Calif. bakery bans armed officers, union says
The bakery said it has a policy "to not serve anyone that is armed in a uniform," adding that officers are welcome "when they are off duty and not armed"
By Alec Regimbal
SFGate, San Francisco
SAN FRANSISCO — The San Francisco Police Officers Association is claiming that Reem's California refused to serve an officer last weekend as part of a supposed company policy that says the popular Arab street food restaurant and bakery chain will not serve anyone who is armed and in uniform.
In a social media post Thursday, the police union shared what appeared to be an email from a representative at the company. It said: "At Reem's we do have a policy to not serve anyone that is armed in a uniform. All officers are welcome to come to our establishment when they are off duty and not armed." It's unclear who sent the union that email, as the sender's email address was blacked out in the photo the union shared.
"NO COPS ALLOWED. That's the confirmed policy of the bakery chain Reem's," the union said in its post. "One of our officers was denied service last weekend because he was in uniform. Reem's confirms that they will not serve anyone armed and in uniform. Presumably, this includes members of the US Military."
NO COPS ALLOWED. That’s the confirmed policy of the bakery chain Reem’s. One of our officers was denied service last weekend because he was in uniform. Reem’s confirms that they will not serve anyone armed and in uniform. Presumably, this includes members of the US Military. pic.twitter.com/0cDzEV0D68— San Francisco POA (@SanFranciscoPOA) August 24, 2023
The union also shared what appears to be a screenshot of an Instagram post from an account operated by the bakery's Mission location. In the photo, a sign posted in a window says, "Existing while black should not be a death sentence. Don't call the cops."
"We are not asking Reem's or any business with a bigoted policy to serve our officers," the union said in a second social media post. "We're asking them to own their discriminatory policy & and put up a sign so we know not to spend money in your establishment—on or off duty."
In a statement sent to SFGATE, Reem's said its policy is meant to keep guns out of its stores as a way to ensure the safety of its employees. However, the statement did not speak to the accuracy of the police union's claim.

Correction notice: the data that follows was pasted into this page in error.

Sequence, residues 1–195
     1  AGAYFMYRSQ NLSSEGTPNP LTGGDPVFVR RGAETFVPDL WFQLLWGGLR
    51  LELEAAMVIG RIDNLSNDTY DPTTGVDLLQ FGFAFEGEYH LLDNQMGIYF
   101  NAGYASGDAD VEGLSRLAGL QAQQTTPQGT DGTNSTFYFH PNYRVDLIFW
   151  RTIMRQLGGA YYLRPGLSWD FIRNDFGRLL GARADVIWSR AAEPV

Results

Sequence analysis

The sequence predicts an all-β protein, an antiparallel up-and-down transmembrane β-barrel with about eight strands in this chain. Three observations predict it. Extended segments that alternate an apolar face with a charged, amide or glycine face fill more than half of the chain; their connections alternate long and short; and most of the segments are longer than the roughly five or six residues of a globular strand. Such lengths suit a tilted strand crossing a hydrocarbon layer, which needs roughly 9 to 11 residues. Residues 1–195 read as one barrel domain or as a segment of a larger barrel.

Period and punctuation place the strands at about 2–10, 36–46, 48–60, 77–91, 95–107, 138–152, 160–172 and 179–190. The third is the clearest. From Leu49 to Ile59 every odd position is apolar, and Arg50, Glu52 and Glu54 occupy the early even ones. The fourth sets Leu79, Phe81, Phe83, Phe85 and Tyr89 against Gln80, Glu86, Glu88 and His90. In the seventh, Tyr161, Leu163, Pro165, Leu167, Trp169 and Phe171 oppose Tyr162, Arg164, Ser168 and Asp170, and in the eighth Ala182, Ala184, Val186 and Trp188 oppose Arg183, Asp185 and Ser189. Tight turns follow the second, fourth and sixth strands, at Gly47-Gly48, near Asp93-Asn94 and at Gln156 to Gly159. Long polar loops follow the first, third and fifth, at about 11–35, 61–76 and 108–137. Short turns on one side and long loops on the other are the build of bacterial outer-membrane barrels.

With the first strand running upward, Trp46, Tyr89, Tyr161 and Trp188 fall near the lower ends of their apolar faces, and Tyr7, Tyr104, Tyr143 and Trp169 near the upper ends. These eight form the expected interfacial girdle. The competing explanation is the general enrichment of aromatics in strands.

"Reem's has a deep commitment to uplifting social and racial justice in our communities," the statement said. "This includes fostering an environment of safety for our staff and customers. In a time of increased gun violence — particularly impacting people of color, youth, and queer people — we believe that maintaining a strict policy of prohibiting guns in our restaurant keeps us safer."
It added: "Many members of our community have been impacted by gun violence, whether that be an experience on the streets of San Francisco or Oakland, having come from war or occupation, or having increased fear due to a growing climate of political extremism. All too often, Black and brown people, and poor people are the victims of this violence. At Reem's we aim to provide a space where people can eat delicious Arab food and work together to strengthen our community, without fear of violence or harassment. We invite our community to step up and join us in creating that culture of care and resilience."
In an email to SFGATE after publication, Tracy McCray — the president of the San Francisco Police Officers Association — disputed Reem's statement to this outlet. McCray said the union was explicitly told that the bakery chain has a policy prohibiting those that are "armed in a uniform."
"That is not our interpretation of their policy. That is exactly what they said their policy was. That is what their employee told our officer," McCray said. "... And this is our point, if you're going to have policies that discriminate against one group of people, then own it, post it publicly, and let your potential customers make the decision that best reflects their values."
If the union's claims are true, Reem's California would be the latest Bay Area eatery to come under fire for refusing to serve police officers. In 2021, the owners of the all-day brunch restaurant Hilda and Jesse apologized amid public backlash after three uniformed San Francisco police officers were asked to leave the establishment. Earlier this year, a cashier at Pizza Squared was fired after he told several police officers that they were not welcome at the business.
Reem's operates a bakery in Oakland and a kiosk at the Ferry Building in addition to its location in the Mission, which is temporarily closed according to the company's website. Chef-founder Reem Assil is a social justice activist and former community organizer. In 2022, she was a finalist for a James Beard Award for Outstanding Chef.
(c)2023 SFGate, San Francisco
Visit SFGate, San Francisco at www.sfgate.com
Distributed by Tribune Content Agency, LLC.